The Forum on China-Africa Cooperation Johannesburg Action Plan (2016-2018), 10
December 2015. Direct link: http://www.fmprc.gov.cn/mfa_eng/zxxx_662805/t1323159.shtml.

UNIT 4
13 February: Political Relations and the Role of the CPC.
Chinas political relations with Africa have been based on support for state sovereignty
and non-interference in the internal affairs of African countries. China makes frequent use of
senior Communist Party of China (CPC) officials in its interaction with both government and
party leaders in Africa. The leaders of ruling African political parties are also often the guest of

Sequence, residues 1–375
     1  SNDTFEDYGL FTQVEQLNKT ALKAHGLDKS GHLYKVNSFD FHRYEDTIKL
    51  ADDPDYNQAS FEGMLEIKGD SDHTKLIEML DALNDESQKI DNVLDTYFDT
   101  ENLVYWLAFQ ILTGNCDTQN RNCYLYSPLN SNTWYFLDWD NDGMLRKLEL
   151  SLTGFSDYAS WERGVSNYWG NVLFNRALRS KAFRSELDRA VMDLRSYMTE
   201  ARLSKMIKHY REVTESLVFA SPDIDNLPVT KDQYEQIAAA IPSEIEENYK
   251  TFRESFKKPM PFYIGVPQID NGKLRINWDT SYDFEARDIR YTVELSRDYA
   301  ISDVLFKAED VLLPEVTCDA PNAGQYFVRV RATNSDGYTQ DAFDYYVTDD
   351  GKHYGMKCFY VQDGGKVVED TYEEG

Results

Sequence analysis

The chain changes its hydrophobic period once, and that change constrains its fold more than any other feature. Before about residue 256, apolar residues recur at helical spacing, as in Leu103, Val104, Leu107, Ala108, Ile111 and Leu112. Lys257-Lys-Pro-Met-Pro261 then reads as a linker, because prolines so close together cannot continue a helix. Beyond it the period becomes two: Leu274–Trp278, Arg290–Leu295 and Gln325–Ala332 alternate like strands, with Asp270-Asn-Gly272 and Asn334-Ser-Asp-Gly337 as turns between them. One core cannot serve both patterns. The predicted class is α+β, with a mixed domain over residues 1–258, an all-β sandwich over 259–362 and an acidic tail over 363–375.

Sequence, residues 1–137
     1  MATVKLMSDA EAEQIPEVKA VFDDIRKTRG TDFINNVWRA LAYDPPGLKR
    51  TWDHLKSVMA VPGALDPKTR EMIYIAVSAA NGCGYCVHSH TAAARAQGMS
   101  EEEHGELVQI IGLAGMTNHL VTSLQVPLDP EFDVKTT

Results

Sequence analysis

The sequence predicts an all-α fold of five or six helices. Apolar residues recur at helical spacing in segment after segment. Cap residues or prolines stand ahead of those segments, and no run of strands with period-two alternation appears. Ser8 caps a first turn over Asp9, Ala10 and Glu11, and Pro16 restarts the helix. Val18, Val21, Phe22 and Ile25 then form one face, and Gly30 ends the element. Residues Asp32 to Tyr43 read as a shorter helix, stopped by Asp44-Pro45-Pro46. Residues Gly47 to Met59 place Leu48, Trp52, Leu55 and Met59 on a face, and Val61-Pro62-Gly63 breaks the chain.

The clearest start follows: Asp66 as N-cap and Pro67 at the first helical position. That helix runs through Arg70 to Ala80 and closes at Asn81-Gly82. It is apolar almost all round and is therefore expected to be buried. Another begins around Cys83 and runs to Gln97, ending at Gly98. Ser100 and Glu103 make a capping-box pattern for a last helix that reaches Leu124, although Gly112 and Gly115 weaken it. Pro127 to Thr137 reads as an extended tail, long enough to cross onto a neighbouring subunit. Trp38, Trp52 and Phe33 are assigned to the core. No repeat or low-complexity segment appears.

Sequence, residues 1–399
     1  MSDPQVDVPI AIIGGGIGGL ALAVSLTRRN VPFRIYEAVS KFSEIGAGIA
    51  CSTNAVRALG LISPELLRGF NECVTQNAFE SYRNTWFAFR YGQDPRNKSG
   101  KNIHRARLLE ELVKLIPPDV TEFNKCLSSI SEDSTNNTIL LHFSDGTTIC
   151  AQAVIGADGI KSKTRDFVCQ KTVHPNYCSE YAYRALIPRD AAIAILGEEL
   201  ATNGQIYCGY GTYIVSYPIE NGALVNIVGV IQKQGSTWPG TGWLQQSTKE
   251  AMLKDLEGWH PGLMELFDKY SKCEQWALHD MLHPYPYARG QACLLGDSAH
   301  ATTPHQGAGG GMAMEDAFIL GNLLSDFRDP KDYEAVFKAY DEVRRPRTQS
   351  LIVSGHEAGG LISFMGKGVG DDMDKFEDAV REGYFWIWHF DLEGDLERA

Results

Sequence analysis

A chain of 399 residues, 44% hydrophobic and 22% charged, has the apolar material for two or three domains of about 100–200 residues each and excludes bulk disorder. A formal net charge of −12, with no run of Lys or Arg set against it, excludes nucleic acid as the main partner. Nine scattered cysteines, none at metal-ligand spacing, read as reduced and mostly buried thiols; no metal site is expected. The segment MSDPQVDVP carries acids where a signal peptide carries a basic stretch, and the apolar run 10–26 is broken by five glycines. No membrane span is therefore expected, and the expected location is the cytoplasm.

the CPC. This interaction, with a few exceptions, does not extend to African opposition party
officials. This unit also covers some of Chinas sensitive internal issues that have implications
for its relations with African countries.
Required Reading:
Shinn/Eisenman Chapter 3 Political Relations.
Zhong Weiyun, Inter-party Relations Promote Sino-African Strategic Partnership,
china.org.cn, (28 August 2012). Direct link: http://www.china.org.cn/opinion/201208/28/content_26353120.htm.
Stephanie Findlay, South Africas Ruling ANC Looks to Learn from Chinese
Communist Party, time.com (24 November 2014). Direct link: http://time.com/3601968/ancsouth-africa-china-communist-party/.
Political Parties in Africa, China Convene Seminar to Share Development Experience,
Xinhua, 4 February 2015. Direct link: http://www.globaltimes.cn/content/905796.shtml.
Zeng Aiping, China-Africa Governance Exchanges and Experiences, (2015) . Direct